Terror response math
Suspect bomber Dzhokhar A. Tsarnaev has been captured after a historic manhunt in the Boston metro area. Part of what was historic about it was the response by law enforcement officials and politicians to the situation; they closed significant parts of the city. Numerous educational institutions were closed. Trains and buses were closed. Residents were told to lock themselves in their houses and not go out. A room full of experienced new correspondents were queried on the radio if they had ever experienced this type of response anywhere in the world; they all claimed it was novel.
So i am legitimately torn here. i dont want terrorists to succeed. This is a very dirty game, the use of violence on non-combatants to advance your political goals. So perhaps this extraordinary response of locking down hundreds of thousands of people will be sufficiently discouraging that some other terrorists will not strike. They may be dissuaded by knowing that their chances of disappearing into a crowd (for example) are greatly diminished because the feds are likely to use extraordinary tactics to catch them; including closing entire cities. Were this to have a chilling effect on terrorist attacks this might well be a good thing.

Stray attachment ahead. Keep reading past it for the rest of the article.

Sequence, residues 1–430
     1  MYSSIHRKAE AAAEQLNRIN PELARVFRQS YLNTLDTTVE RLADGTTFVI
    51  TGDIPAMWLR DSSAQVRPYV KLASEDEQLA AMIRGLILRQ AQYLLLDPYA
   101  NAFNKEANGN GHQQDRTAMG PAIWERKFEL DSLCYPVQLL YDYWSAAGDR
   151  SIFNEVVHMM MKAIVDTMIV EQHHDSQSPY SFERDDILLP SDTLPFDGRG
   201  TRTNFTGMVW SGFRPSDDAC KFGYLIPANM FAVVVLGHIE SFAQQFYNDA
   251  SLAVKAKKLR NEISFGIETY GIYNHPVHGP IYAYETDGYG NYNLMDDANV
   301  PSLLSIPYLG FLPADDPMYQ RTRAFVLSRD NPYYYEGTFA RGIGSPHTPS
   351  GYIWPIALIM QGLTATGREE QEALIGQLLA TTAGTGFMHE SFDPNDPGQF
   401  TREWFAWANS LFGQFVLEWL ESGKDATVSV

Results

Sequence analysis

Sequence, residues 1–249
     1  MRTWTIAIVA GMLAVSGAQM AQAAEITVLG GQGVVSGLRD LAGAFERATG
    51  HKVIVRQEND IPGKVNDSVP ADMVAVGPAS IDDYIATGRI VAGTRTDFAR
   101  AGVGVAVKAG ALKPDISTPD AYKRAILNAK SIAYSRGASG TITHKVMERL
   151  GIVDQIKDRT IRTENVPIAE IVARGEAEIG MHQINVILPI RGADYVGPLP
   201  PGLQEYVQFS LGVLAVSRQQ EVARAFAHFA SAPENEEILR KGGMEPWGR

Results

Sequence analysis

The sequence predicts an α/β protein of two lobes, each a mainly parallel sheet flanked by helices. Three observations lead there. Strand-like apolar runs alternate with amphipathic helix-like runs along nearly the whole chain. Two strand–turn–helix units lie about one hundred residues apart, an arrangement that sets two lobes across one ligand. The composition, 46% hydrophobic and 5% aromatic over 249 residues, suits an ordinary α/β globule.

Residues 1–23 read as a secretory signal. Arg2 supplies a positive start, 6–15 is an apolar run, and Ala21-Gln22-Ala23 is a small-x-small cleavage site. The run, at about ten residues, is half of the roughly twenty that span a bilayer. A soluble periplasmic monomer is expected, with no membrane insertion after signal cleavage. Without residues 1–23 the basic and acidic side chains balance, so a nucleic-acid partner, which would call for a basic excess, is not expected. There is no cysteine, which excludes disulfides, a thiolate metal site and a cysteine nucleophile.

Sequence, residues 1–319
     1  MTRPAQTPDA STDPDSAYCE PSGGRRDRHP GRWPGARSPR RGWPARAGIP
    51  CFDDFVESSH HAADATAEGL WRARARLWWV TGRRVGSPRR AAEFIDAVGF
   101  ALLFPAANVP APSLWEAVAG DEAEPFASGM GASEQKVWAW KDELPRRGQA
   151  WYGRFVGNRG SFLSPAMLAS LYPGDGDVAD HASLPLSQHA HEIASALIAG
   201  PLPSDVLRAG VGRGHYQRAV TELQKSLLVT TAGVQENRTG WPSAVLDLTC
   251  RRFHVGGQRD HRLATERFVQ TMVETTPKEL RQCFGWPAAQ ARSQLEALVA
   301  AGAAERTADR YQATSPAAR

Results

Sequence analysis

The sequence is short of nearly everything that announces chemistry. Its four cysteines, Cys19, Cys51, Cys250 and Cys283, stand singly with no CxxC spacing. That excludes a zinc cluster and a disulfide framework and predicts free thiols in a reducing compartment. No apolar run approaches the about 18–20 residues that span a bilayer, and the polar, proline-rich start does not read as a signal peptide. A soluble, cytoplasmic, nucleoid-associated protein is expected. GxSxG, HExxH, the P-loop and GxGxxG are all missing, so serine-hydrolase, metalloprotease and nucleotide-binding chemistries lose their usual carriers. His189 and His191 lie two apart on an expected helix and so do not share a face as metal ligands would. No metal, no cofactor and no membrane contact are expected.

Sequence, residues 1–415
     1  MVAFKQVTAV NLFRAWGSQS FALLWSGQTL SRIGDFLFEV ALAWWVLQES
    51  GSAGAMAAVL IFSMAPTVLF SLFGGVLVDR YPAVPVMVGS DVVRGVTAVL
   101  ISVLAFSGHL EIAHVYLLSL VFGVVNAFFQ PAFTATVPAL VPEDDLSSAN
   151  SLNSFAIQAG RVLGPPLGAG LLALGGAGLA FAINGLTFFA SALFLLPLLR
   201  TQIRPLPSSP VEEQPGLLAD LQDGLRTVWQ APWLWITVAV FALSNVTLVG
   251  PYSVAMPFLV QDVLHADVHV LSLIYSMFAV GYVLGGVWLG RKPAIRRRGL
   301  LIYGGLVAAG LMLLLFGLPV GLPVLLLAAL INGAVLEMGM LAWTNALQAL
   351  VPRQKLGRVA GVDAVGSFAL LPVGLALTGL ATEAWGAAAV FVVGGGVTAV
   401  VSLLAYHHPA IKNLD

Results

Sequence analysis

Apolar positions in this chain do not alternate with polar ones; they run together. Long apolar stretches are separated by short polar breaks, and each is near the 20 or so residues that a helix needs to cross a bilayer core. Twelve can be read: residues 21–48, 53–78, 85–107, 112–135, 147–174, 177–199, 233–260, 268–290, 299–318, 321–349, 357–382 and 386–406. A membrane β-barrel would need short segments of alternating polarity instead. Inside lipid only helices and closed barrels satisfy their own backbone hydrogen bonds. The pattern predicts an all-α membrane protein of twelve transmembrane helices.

But i remember a calculation which was done by Car and Driver magazine after speed limits were dropped from 70 mph to 55 mph in response to the Arab Oil Embargo in 1973. Besides saving gas, one of the benefits that proponents of dropping the speed limit pointed to was the dramatically reduced number of auto fatalities that resulted from the reduced speed limit. Car and Driver magazine then pointed out that for every life saved there were an additional 102 person years spent driving, because it took longer to get many places. So we did save a life; and we spent a life and a half in the car driving to save it.
Wikipedia lists 26 terrorist acts in the US since the year 2000. That is 2 attacks per year. Let’s do some impossible math for a few moments. Let’s say that this extraordinary response to the Boston Marathon bombings discourages half the attacks on the US, so that this rate drops to 1 attack per year. Let’s say that 1/4 of the lives of the approximately 1 million people locked down for 11 hours was “lost”. [The locked down region included the cities of Watertown, Newton, Waltham, Belmont, Cambridge, Arlington and the Allston-Brighton neighborhoods of Boston.] That works out to something over 300 person years lost to stop an attack a year. Perhaps this is cheap.
What i fear is the state saying “we now have this new power to shut down the city’s infrastructure (transit, schools, health services) whenever we feel like the threat is great enough.” Who will make sure this power is not used inappropriately?